To save confusion, it is noteworthy that Winchester ammunition boxes state velocities from a 16-inch barrel, which is a popular length with AR-pattern rifles. However, those posted velocities are lower than the above listed velocities from the company’s catalog. At press time, the only two loads available included the 145-grain FMJ and 150-grain XP.
The Mossberg Patriot is priced competitively and has many desirable features for a hunting rifle. For example, I like the open design of the receiver, which reduces the possibility of cartridge or case hang-ups and allows cartridges to be loaded directly into the detachable magazine without the need to remove it from the rifle. The bolt features traditional, twin forward locking lugs for a 90-degree bolt lift, which is notably smooth and bind free. The bolt body is spiral fluted to further aid smooth function. To better understand how smooth this action is, with the bolt handle lifted the bolt body will slide open when the muzzle is elevated at between 15 and 20 degrees. The bolt head is staked to the bolt body while the bolt face is countersunk and houses a plunger ejector and rotating extractor. The trigger broke at just under 3 pounds and only exhibited slight creep.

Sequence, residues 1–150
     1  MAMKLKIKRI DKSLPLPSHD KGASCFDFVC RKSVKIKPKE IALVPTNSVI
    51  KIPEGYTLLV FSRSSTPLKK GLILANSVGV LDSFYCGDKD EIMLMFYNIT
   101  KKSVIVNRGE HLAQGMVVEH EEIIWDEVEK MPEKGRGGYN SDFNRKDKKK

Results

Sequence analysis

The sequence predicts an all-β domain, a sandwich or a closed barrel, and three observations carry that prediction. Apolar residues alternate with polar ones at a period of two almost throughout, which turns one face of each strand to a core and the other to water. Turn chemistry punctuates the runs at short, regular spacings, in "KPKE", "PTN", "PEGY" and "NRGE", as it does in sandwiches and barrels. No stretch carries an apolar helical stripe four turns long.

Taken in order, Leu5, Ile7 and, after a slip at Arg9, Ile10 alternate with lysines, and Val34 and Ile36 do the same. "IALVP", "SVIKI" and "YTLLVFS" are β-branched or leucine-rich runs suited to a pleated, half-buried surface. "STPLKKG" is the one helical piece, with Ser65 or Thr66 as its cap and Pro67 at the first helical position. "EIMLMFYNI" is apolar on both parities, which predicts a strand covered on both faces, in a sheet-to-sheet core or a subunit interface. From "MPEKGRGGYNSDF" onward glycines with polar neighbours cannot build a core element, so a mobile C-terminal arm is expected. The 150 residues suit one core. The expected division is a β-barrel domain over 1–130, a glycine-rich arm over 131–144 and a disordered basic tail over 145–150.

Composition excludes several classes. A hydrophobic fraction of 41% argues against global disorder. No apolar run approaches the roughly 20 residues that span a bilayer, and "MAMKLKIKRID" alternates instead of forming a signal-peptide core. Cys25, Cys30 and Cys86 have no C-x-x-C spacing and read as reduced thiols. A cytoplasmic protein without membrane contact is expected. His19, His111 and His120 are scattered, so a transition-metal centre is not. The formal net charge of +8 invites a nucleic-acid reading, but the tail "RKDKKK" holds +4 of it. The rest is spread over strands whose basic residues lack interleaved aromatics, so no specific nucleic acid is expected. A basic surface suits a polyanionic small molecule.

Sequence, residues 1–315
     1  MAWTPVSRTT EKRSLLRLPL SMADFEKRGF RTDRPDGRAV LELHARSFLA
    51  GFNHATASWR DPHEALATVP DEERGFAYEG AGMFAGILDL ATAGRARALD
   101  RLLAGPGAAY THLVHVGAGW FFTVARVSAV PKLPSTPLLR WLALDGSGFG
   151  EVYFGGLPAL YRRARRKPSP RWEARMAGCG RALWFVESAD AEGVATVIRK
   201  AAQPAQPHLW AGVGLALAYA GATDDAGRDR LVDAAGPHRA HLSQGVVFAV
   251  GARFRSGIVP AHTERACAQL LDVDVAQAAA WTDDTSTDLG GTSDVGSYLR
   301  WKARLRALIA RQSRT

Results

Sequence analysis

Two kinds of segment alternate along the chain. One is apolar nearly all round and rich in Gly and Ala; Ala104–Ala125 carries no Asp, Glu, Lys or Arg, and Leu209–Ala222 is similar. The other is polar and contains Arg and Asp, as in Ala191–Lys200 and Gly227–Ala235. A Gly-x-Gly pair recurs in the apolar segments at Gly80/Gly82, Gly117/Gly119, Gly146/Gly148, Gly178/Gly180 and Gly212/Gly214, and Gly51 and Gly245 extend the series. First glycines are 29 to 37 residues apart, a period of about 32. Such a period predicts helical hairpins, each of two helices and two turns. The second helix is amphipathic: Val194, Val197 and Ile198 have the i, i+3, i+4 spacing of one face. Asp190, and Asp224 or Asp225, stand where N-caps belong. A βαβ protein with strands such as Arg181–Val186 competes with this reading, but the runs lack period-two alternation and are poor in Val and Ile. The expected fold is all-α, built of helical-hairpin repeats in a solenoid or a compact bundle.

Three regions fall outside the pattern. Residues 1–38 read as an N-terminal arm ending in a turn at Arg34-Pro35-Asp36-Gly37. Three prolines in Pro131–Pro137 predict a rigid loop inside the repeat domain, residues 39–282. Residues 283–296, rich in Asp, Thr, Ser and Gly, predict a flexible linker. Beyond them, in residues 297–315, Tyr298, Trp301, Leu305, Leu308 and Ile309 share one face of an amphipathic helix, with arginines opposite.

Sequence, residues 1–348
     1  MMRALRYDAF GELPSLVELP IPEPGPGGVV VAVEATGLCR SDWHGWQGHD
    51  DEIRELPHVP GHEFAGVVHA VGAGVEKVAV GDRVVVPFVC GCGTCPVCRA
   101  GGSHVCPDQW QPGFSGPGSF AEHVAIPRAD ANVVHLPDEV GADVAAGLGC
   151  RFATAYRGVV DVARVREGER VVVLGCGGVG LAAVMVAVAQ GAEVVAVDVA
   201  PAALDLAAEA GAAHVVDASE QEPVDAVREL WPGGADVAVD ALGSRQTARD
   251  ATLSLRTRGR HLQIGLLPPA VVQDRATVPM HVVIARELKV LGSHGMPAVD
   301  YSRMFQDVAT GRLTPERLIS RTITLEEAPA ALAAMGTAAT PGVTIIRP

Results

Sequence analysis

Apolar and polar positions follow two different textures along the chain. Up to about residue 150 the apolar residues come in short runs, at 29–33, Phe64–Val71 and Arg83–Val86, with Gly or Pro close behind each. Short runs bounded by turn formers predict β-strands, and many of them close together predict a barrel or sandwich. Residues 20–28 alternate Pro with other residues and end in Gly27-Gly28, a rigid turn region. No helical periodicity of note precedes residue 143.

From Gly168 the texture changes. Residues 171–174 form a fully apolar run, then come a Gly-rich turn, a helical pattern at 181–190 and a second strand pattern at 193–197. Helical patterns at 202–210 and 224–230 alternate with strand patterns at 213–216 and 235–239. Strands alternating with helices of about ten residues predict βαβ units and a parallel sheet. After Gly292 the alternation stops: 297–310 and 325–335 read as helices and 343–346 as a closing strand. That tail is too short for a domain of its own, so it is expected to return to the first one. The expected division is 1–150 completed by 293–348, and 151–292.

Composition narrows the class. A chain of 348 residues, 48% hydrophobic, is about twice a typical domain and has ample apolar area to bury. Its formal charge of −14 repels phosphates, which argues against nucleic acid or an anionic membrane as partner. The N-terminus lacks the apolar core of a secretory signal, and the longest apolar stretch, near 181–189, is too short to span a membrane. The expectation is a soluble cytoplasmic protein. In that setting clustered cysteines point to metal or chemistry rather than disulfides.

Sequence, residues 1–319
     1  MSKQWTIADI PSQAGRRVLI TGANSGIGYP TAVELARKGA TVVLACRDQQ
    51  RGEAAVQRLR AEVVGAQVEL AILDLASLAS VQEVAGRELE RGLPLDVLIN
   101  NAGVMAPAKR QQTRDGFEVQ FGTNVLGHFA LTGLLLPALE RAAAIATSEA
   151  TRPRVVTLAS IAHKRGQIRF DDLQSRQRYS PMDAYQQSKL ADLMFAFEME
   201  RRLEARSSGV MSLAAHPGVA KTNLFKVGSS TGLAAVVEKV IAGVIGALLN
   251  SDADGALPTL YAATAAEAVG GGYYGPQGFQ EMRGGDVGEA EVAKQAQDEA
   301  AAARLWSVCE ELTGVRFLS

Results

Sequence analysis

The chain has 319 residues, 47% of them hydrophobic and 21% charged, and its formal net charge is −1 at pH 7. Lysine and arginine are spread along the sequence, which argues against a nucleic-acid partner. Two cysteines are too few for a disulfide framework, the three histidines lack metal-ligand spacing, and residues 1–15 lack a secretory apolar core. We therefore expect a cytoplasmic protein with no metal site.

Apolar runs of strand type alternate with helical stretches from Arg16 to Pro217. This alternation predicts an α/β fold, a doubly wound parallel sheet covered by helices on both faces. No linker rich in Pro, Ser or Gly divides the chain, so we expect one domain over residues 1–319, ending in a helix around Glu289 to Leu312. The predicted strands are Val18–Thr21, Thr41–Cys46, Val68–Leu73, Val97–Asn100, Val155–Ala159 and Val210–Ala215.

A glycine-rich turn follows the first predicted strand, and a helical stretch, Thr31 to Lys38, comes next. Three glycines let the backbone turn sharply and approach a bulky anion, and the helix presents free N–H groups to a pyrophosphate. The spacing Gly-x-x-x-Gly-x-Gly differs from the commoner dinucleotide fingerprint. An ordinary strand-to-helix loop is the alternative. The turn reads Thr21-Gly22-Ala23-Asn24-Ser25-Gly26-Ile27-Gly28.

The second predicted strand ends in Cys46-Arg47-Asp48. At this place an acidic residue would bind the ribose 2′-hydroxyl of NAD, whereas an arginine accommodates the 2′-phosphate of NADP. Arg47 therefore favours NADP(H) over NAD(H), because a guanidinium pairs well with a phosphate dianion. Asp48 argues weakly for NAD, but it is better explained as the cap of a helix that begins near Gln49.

A Bushnell Prime 3-12x 40mm scope was installed using Talley rings on Weaver bases. The scope features target turrets that can be replaced (supplied with scope) and re-indexed back to zero to correspond with a variety of cartridges and varying trajectories. But for the purpose of this article, that feature was not tested; rather it was only sighted in at 100 yards to check the accuracy of the ammunition and rifle.
As expected, velocities of the 145-grain FMJ and 150-grain XP loads were greater than the figures printed on Winchester ammunition boxes when fired from the Mossberg rifle with a 22-inch barrel; 2,354 and 2,356 fps, respectively. The extreme velocity spreads for a five-shot string were 16 fps and 10 fps, respectively.